Sheldon Tapestry Map of Oxfordshire on Display

The Sheldon Tapestry Map of Oxford (detail)

In case the Talking Maps exhibition (previously) was insufficient cause for you to visit the Bodleian Library in Oxford this year, here’s another. The Sheldon Tapestry Map of Oxfordshire, one of four tapestry maps of English counties commissioned in the late 16th century by Ralph Sheldon, is on display at the Bodleian’s Weston Library. The tapestry is partially complete—intact it would have measured 3.5 × 5.5 metres—and on display for the first time in a century, having gone through a “painstaking” restoration. BBC News, Londonist.

The Oxfordshire tapestry map replaces a display of the Worcestershire tapestry map that had been running for the past four years: both were donated to the Bodleian by Richard Gough in 1809. The Bodleian acquired a sizeable section of the Gloucestershire map in 2007 (it went on display the following year); other parts are in private hands. The fourth tapestry map, of Worcestershire, is the only one that is completely intact and not missing any pieces: it’s owned by the Warwickshire Museum, where it’s on display at the Market Hall Museum.

Fast Food vs. Schools in London

One of the proposals in the new draft London Plan is to prohibit new fast food establishments within 400 metres of an existing school as a means of combatting childhood obesity.1 This is going over about as well as you’d think. Dan Cookson has mapped the locations of London’s fast food establishments and the 400-metre exclusion zones around each school; his map suggests a problem: there would be few places in the city able to host a new fast food joint.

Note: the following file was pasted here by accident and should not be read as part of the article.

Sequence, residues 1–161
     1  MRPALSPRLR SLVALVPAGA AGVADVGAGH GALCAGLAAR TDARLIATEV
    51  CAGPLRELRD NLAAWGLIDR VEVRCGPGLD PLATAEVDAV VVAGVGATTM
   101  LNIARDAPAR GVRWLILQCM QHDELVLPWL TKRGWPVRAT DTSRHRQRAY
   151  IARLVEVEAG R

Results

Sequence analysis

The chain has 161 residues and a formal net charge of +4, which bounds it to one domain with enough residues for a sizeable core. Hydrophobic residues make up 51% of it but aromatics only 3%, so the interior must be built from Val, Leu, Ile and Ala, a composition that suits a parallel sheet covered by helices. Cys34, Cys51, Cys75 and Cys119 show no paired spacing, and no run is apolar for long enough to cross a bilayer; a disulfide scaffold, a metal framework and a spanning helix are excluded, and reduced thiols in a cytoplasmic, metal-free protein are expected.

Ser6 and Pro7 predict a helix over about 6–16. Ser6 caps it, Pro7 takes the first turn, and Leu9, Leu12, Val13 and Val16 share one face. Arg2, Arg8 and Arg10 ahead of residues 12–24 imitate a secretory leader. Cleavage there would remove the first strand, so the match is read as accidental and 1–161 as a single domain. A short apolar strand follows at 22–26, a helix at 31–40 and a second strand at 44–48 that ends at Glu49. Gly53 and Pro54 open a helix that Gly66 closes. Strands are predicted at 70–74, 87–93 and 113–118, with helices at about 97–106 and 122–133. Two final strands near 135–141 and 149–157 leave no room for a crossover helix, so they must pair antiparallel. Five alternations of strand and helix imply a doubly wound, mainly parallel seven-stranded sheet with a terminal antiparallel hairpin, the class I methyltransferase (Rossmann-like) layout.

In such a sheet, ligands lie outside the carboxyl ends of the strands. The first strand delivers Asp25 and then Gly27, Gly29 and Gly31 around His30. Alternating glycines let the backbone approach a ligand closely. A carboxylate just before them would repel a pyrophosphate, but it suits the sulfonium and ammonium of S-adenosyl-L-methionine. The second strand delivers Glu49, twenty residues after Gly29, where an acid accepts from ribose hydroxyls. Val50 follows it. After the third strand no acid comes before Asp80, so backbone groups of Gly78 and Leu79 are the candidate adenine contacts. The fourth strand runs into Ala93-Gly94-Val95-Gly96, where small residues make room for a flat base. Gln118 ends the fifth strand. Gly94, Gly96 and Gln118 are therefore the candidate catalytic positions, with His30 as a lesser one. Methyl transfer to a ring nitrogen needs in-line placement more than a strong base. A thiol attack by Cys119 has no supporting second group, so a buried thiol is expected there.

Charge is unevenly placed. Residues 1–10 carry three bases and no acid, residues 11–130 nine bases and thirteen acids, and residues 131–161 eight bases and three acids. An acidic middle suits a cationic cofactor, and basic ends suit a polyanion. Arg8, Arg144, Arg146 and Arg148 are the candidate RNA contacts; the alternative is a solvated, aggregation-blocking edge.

Related, via Maps Mania: the Guardian’s interactive map of fast food shops in England.

Christopher Saxton Remembered in Leeds

Christopher Saxton, Atlas of the Counties of England and Wales, 1579. British Library.

The Yorkshire Society has erected a plaque in Tingley, Leeds, West Yorkshire, to commemorate the 16th-century cartographer Christopher Saxton, the Yorkshire Evening Post reports. Saxton produced the first county maps of England and Wales; they were collected in his 1579 Atlas of the Counties of England and Wales. A major name in the history of British cartography (see this page about Saxton from the University of Glasgow Library), Saxton was born in West Yorkshire—thus the local interest. [WMS]